Legal Contracts From The Cloud?

Business owners, investors and bankers consider Intellectual Properties and the products associated with those Properties to be both intangible and tangible assets. Because these assets are the lifeblood of many companies, it is wise to use a seasoned professional to prepare your Intellectual Property agreements.

Cloud Intellectual Property Contracts

With the intent of saving money, sometimes a business drags a contract for intellectual property out of the Cloud.  On rare occasions, the Cloud strategy may be adequate for the business. (This is especially true if the agreement is never challenged.)

If, however, you pull a contract off the Internet and it IS challenged, you may find yourself in an expensive legal quagmire. More importantly, you may lose the challenge along with your rights to your Intellectual Property.

Patents, Trademark and Copyright Agreements

When Intellectual Property contracts are prepared, each genre has its own eccentricities. For example:

  • Contracts associated with Copyright rights frequently include the phrase “all rights reserved.”
  • In many jurisdictions, the sale or license of Trademark rights must also include the goodwill associated with the Trademark.
  • License agreements flowing from Patent rights should generally include royalty milestones, among other things.

Intellectual properties are unique and the facts associated with each Intellectual Property agreement are also different. A well-drafted contract takes time and expertise to prepare properly. This is not a “one-size-fits-all” legal situation.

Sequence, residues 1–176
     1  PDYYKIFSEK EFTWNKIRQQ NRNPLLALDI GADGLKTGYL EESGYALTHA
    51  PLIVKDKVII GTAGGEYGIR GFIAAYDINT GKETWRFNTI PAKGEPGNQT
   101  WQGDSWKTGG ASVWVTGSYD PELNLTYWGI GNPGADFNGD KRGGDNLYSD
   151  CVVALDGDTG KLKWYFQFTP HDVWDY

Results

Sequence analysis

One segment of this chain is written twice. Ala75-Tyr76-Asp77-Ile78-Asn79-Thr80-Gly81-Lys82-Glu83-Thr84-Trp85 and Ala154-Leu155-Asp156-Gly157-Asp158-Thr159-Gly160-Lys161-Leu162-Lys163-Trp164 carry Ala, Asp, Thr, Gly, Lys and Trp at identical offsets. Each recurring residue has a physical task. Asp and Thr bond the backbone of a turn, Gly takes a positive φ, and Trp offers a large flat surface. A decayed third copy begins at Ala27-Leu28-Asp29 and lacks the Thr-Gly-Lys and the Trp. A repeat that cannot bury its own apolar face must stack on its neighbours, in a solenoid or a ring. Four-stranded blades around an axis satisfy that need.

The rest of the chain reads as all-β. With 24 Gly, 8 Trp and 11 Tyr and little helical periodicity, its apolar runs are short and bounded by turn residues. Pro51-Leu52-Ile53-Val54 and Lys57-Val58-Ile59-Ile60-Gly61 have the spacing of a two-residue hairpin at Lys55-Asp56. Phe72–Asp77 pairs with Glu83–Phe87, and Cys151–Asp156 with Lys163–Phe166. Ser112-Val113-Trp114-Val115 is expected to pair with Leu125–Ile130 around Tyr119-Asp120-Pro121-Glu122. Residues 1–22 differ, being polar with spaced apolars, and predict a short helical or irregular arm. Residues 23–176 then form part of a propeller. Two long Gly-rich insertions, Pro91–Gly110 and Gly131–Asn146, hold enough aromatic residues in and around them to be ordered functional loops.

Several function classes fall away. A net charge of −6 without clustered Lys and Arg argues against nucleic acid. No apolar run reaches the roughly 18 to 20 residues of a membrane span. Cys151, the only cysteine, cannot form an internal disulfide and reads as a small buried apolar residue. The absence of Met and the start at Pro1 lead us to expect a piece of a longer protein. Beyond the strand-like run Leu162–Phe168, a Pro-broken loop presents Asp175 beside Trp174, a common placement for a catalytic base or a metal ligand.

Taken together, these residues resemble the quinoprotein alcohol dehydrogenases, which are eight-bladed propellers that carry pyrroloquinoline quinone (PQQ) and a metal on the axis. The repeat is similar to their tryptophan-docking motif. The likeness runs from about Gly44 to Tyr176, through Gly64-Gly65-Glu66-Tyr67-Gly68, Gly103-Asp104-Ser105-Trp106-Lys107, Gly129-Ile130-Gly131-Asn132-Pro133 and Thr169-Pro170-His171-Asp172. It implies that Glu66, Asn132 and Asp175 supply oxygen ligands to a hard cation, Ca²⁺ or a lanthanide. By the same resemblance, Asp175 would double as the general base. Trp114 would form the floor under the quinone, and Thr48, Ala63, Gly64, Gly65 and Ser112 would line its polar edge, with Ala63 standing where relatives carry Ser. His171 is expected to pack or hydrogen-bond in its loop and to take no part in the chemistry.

What if something goes awry with the Cloud Agreement?

Having a knowledgeable, experienced patent attorney draft your agreement will reduce the number of questions that arise during a challenge — and will provide you a resource with the knowledge of your intellectual property should the need arise. Without the benefit of counsel it may be up to you to answer these questions:

  • Who will the tribunal hold is the drafter of the contract?
  • Can the contract be amended?
  • Is it possible to settle?
  • Will the parties mediate, arbitrate or litigate?
  • Which law controls the agreement?
  • Where is the jurisdiction and venue for any dispute?

You can hire an attorney after the fact to help you answer these questions, but it will be much more cost-effective to address these inside the original contract. Doing so will help keep your Intellectual Property secure with a defensible contract that is less likely to be successfully challenged.

The Best Solution

Many of the pitfalls associated with the preparation of Intellectual Property agreements can be avoided by using a seasoned patent attorney who is familiar the many different nuances associated with Patent, Trademark and Copyright agreements.

Contact Business Patent Law, PLLC and we will discuss the types of agreements you will need for your Intellectual Properties.

If you would like to stay abreast of changes and other news that impacts your intellectual property, sign up for Business Patent Law’s Monthly Mailer™ newsletter.

Intellectual Property Copyright Law Example